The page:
Skip to content


Recovery Tracker

In partnership with its data providers, the Board’s Economic Blueprint Institute (EBI) developed the Recovery Tracker as a tool for measuring and tracking the economic impact of the pandemic across the Innovation Corridor. Between October 2021 and May 2022, the Tracker featured monthly insights that provided businesses and decision-makers with timely information to advance a safe reopening and to support the recovery of our economy and businesses.
Aerial view of toronto

What We’ve Learned

The Recovery Tracker used a suite of indicators across key economic themes (labour market, movement of people, consumer spending, and business financial health) to measure the progress of recovery across and within Business Districts in our region.

Explore the data

While the Innovation Corridor’s economy has seen remarkable recovery since the start of the pandemic, businesses across the region were impacted in different ways. Those that were able to pivot their business activities and/or quickly transition their workforce to working from home thrived – these included professional and financial services firms. Businesses that experienced more economic hardship were those that relied heavily on worker and visitor foot traffic – both of which have not reached pre-pandemic levels. The impacts on businesses reliant on foot traffic also varied based on where they were located. The downtown core and suburban or regional centres saw the greatest decline in economic activity compared to other Business Districts.

The pandemic demonstrated the need for higher-quality, more-timely, and geographically granular data to understand its economic impact across the region. Better data allows businesses and policy makers to make informed decisions quicker and overcome continued challenges, including those that presented themselves during the pandemic. A higher caliber of data will also be required to help the region get back to economic growth. Our analysis of the latest data shows that the regional economy is at a turning point; the economy is well positioned to transition from recovery to getting back to growth. Still, we must continue to track indicators for and act on key economic issues that will help define our growth trajectory.

Recovery Tracker Partners

Consumer Spending Data Powered by Moneris Data Services

Measuring Recovery:

Compare and track the Innovation Corridor's recovery across different themes:

Smiling nurse with mother and child
Labour Market

Monthly estimates of key labour market metrics from Statistics Canada’s Labour Force Survey

Business people riding publick transit
Movement of People

Insights from TELUS Geo-intelligence that examines movement patterns within Canada

Storekeeper handing shopping bag to customer
Consumer Spending

Spending data from Moneris based on credit and debit transaction volume processed by Moneris merchants

downtown Toronto buildings
Business Financial Health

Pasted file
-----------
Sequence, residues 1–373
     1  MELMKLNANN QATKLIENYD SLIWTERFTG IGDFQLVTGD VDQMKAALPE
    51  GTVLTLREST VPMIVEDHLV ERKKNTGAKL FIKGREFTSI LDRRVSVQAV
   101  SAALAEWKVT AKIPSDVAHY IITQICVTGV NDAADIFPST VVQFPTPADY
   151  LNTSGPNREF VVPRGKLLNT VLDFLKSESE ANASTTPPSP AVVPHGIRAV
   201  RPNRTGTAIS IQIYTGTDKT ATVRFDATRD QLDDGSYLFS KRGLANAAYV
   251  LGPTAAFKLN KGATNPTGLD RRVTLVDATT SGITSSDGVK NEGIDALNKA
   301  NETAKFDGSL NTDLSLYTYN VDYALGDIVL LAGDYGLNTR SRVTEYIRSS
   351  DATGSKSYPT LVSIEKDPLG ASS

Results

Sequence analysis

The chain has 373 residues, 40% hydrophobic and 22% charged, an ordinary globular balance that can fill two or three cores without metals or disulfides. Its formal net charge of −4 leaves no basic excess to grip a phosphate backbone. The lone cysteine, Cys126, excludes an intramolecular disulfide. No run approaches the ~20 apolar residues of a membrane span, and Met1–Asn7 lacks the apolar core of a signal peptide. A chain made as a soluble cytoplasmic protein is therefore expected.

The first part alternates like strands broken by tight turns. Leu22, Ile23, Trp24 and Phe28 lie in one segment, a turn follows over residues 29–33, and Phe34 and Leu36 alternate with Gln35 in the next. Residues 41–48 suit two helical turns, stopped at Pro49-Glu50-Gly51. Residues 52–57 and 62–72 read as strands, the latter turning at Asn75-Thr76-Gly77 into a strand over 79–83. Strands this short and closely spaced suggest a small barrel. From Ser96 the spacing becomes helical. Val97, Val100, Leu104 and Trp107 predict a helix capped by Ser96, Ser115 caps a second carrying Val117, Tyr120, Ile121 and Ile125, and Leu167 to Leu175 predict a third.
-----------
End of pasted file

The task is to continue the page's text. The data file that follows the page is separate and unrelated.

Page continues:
Data on negative occurrences and private sector debt from Equifax’s commercial database.

Looking Ahead

While the Recovery Tracker’s collection of indicators demonstrates that regional economy is on track, regional stakeholders must continue to assess and add to these indicators so that decision-makers and businesses can anticipate and act on key trends that will ultimately impact the trajectory of growth in the region.

Below are four key areas to watch as focus shifts away from recovery to getting back to growth:

Return-to-office trends

A sustained shift to remote or hybrid work arrangements may be a legacy of the pandemic that shapes our new normal moving forward. While providing flexibility as well as time and cost savings for workers, this trend has substantial implications for transit and our employment areas – particularly the downtown core. Policymakers must consider this in their planning priorities, especially with an upcoming municipal election. This increasingly points to the need for place-based planning that the Board has been advocating for.

Business debt overhang and rising business costs

Elevated business debt could act as a drag on economic growth due to underinvestment from businesses focused on staying afloat, the misallocation of resources as businesses that would not be competitive prior to the pandemic continue to be supported by broad-based government support programs, and the loss of entrepreneurial capacity and spirit. Additionally, the rising cost of inputs, insurance, and transportation have been identified as impediments to growth by businesses in the region.

Supply chain challenges, and labour shortages

Supply chain challenges are expected to remain a medium-to-long-term obstacle as businesses continue to struggle to source inputs, products, and supplies for their operations. Businesses also anticipate facing workforce challenges going forward with many indicating they have a plan in place to address recruitment, retention, and training needs.

Fostering a productive and growth-oriented economy

Even prior to the pandemic the region was facing weak income growth. Going forward, policymakers and businesses must shift their attention to enhancing the productive capacity of the regional economy to enable growth and shared prosperity.